Jeanne Dielman topping the poll is especially surprising since so much remained the same or came as expected: the rest of the top 10 is, in order, Vertigo, Citizen Kane, Tokyo Story, In the Mood for Love, 2001: A Space Odyssey, Beau Travail, Mulholland Drive, Man with a Movie Camera, and Singin’ in the Rain. The only two films to feature in the top 10 for the first time are Beau Travail and Mulholland Drive, whose canonization has been easy to follow. So has Jeanne Dielman’s, and Akerman’s work as a whole after her 2015 suicide. Still, at least half of her work remains difficult to find or unavailable entirely on home video, and what is out there translated in English of her 1980s work is trapped on the Criterion Channel, where it forever streams but still hasn’t seen physical release or widespread revival screenings.

Now more people than ever will become aware of her and her work, and they’ll be able to watch Jeanne Dielman, along with News from Home, Les Rendez-vous d’Anna, Je Tu Il Elle, D’Est, and No Home Movie. And if they’re teenagers, or younger, and they’re just getting into movies, Jeanne Dielman is the worst choice of all ten to put at the top of that list, because it’s the least likely to act as a gateway for the innocent and unspoiled. It should’ve been Tokyo Story, a movie that anyone with a beating heart, eyes, ears, and a brain will respond to. Watching Tokyo Story and having zero emotional activity should be a telltale sign of sociopathy. Besides that, its craft is indisputable, as sophisticated as it is seamlessly integrated into the story. Despite how sad it is, it’s a more welcoming and optimistic introduction to world cinema than Ingmar Bergman, and easier to understand than Fellini or certainly Godard.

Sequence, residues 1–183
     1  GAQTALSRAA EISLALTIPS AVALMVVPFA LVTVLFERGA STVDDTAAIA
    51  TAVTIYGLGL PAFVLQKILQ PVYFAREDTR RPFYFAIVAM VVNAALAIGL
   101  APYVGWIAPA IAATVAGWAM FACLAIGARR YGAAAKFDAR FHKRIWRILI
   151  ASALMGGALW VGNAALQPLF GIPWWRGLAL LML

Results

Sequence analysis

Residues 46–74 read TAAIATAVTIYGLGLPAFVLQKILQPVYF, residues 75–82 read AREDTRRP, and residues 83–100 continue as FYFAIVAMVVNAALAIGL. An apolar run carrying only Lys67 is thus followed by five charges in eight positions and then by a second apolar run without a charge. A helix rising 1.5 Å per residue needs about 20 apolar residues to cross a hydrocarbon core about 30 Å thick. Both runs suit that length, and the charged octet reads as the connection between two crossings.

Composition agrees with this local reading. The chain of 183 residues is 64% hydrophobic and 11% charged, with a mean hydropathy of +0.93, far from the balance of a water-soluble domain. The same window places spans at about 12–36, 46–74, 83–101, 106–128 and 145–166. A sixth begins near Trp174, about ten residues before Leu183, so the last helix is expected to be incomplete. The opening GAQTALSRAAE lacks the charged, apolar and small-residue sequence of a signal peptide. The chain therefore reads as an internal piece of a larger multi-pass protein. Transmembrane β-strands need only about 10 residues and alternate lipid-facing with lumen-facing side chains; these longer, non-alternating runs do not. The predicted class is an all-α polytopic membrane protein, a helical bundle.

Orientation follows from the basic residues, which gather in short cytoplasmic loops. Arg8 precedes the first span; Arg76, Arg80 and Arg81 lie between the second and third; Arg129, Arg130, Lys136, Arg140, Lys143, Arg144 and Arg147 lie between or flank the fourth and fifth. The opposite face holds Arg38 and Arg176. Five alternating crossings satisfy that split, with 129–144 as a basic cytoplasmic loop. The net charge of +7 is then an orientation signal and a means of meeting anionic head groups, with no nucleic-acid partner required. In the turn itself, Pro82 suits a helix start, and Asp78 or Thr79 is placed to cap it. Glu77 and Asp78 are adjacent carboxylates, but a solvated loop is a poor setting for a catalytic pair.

Jeanne Dielman is my favorite film of those ten. It’s also the closest to the cinema of Andy Warhol, whose Empire is simply shorthand for an unbearably long film at best, or art as masturbation. Claude Lanzmann’s Shoah was shorthand for “too long” in my Manhattan house growing up, and the documentary may be more seen than Warhol and Paul Morrissey’s experiments, it’s still over nine hours long. Jeanne Dielman isn’t quite there, just short enough to fit into the mold of commercial film screenings, shorter than some of the biblical epics of the 1950s that made hundreds of millions of dollars. But its status will freeze it as an exemplar of “true filmmaking” and film as art as opposed to commercial cinema. This could be a disaster for the fight of Marvel versus everyone else, because the opposite of Iron Man is not Jeanne Dielman, it’s Tokyo Story. From this century? In the Mood for Love. I don’t even like that movie, but it’s a better example to hold up and one that will get young people interested in cinema before they get brainwashed by people who think Martin Scorsese is the devil.

Even worse, there are academics and cloistered critics who will celebrate this choice as a victory against the masses, who have never understood film and never will. Let them have their superhero and turbo jet junk—no. This art form must survive, and these people want it to become opera. Jeanne Dielman is going to be more famous than ever, and in the worst and most superficial way possible. The extent of the damage, and how much more divided people will become, is impossible to predict. I hope I’m wrong.

Nicky Otis Smith is a filmmaker and writer. He was born and raised in New York City and has lived in Baltimore since 2003.